census on an area of 97 km is administratively divided
into two local government areas. These are Oshogbo
and Olorunda Local Government Areas.
Water forms about 70 per cent of humans body fluids
and serves many other purposes among which are
domestic, industrial, agricultural, fire protection and

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others (Ojoawo and Ogunrombi, 2014). Quality is


mostly believed to best describe any given water more
than other yardsticks; water quality assessment is
therefore a worthwhile study (Ojoawo et al., 2014).
Monitoring of quality of water sources is required in
determination of sanitation level of any community.
Marmot, et al., (1997) emphasized on implications of
social inequalities in health as a sanitation issue. Satone,
et al., (2011) recommended measures on the need to
monitor drinking water quality. Access to safe water
facilities is estimated at 43% for rural areas and 71% for
urban centers while rural sanitation coverage is 32%
and urban 75%. And that as a result of inadequate safe
water supply and sanitation facilities, people suffer
from water related diseases such as diarrhea, cholera,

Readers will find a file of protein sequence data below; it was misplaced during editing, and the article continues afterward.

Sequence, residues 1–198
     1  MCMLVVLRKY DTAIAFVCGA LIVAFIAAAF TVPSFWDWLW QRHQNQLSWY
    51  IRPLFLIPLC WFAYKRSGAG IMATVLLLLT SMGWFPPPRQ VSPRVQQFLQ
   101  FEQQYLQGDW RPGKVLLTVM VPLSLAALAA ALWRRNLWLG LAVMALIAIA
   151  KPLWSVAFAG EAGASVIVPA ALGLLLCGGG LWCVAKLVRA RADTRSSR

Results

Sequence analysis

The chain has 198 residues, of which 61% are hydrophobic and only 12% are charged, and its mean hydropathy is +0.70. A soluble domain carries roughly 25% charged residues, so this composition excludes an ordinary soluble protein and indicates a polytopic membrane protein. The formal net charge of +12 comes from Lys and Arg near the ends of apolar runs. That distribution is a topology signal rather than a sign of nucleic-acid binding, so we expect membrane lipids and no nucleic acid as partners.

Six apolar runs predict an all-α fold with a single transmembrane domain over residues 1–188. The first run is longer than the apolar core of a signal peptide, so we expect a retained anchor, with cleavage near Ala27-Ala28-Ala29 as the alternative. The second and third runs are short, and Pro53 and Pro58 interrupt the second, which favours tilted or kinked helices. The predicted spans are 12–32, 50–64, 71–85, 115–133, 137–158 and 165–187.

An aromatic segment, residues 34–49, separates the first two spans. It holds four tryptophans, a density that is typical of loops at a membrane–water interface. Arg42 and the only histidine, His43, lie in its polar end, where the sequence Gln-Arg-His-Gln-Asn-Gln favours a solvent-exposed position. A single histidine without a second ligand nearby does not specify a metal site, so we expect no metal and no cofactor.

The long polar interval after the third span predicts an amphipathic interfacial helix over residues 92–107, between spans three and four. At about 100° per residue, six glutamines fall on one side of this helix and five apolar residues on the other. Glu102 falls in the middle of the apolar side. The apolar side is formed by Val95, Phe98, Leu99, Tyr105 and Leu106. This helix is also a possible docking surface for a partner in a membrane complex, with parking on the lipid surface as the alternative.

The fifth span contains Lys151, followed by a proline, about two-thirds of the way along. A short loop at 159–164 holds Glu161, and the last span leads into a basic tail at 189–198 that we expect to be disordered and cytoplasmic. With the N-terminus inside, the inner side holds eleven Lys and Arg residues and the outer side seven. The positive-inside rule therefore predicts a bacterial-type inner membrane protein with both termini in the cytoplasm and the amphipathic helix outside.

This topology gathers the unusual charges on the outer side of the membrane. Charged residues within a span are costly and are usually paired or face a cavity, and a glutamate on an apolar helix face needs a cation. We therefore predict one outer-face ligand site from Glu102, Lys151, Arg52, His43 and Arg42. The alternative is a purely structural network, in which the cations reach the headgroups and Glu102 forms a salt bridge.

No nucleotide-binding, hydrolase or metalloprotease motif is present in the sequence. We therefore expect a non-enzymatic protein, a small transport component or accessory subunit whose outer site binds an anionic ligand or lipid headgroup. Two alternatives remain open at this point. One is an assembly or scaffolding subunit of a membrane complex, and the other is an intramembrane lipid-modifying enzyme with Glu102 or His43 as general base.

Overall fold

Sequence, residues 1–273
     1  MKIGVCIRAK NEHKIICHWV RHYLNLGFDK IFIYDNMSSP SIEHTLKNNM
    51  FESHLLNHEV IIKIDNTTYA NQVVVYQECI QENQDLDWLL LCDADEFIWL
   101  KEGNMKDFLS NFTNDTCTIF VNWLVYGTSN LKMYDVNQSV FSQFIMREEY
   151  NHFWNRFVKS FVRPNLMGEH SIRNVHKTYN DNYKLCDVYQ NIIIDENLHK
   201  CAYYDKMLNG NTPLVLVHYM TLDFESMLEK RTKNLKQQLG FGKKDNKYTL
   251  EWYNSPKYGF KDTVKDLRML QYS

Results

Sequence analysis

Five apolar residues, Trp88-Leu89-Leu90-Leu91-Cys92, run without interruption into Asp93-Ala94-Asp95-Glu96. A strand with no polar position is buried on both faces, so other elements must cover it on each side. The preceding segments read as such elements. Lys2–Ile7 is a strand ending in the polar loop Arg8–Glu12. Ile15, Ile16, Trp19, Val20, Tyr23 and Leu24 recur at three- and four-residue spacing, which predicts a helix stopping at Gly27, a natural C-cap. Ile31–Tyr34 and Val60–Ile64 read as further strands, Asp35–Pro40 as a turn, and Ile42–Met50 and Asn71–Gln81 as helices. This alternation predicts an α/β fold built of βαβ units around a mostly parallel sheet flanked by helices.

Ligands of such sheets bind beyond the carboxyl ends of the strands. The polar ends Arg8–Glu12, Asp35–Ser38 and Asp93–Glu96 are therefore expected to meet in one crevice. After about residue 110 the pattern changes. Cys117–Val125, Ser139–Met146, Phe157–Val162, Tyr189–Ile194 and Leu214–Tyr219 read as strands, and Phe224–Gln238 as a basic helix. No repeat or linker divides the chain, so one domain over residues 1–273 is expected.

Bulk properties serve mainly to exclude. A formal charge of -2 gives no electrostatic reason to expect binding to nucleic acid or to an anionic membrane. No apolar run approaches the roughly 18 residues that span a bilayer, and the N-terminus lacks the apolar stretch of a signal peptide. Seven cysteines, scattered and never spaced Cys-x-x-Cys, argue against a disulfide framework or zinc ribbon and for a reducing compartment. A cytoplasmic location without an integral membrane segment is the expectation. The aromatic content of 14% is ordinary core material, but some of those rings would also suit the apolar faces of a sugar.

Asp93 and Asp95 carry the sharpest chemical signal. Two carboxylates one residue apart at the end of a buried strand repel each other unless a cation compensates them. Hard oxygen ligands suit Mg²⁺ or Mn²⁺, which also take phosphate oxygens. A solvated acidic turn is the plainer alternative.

typhoid, and guinea worm in many communities (ADF,
2007). Fadare and Olawuni, (2008) indicated that there
is a significant relationship between water sources and
ill health in the three residential densities in osogbo.
There is therefore the need to stem this trend. Workers
in this field include Kaonga et al., (2013), Yusuf et al.,
Oginni, (2013), Oginni and Isiorho, (2014), Jiboye,
(2004), Akindele and Adeniyi, (2013), Akan et al.,
(2012), Olajire and Imeokparia, (2011).
Sanitation level of this State Capital City has been
assessed in this paper to serve as bases for justifying
Governments steps towards the Urban renewal
programs on the water supply platform within the State.
This will be at tandem with the commitment of the State
Government to improvement of the environment.
II.
Methods and materials

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ISSN: 2248-9622, Vol. 4, Issue 12 (Part 1), December 2014, pp.94-104
The method employed focused on collection of samples
of water from various sources available within the two